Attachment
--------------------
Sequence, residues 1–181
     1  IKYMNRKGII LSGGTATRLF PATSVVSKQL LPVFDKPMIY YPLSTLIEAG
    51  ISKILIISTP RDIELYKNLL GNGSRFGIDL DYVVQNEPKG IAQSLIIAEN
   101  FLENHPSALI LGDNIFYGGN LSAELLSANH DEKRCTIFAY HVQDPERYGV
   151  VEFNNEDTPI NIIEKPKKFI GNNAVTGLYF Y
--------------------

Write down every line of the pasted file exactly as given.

Sequence, residues 1–181
     1  IKYMNRKGII LSGGTATRLF PATSVVSKQL LPVFDKPMIY YPLSTLIEAG
    51  ISKILIISTP RDIELYKNLL GNGSRFGIDL DYVVQNEPKG IAQSLIIAEN
   101  FLENHPSALI LGDNIFYGGN LSAELLSANH DEKRCTIFAY HVQDPERYGV
   151  VEFNNEDTPI NIIEKPKKFI GNNAVTGLYF Y